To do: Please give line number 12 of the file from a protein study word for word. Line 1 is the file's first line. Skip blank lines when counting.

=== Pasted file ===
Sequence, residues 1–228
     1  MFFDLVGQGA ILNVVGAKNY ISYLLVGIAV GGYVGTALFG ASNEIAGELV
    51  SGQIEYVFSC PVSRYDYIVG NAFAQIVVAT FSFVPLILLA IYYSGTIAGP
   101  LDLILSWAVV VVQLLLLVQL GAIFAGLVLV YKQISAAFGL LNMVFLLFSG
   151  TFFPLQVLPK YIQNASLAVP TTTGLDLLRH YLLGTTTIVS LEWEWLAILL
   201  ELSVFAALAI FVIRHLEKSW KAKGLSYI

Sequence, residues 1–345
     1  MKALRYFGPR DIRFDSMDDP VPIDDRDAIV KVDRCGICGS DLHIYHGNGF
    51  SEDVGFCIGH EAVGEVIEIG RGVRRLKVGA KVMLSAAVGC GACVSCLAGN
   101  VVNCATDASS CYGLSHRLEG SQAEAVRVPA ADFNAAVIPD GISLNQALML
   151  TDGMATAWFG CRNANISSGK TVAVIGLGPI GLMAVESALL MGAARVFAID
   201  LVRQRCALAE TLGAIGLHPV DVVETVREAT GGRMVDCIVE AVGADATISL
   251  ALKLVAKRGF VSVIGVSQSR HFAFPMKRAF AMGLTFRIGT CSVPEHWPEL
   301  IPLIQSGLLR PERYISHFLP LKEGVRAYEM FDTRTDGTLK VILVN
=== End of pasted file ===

   201  LVRQRCALAE TLGAIGLHPV DVVETVREAT GGRMVDCIVE AVGADATISL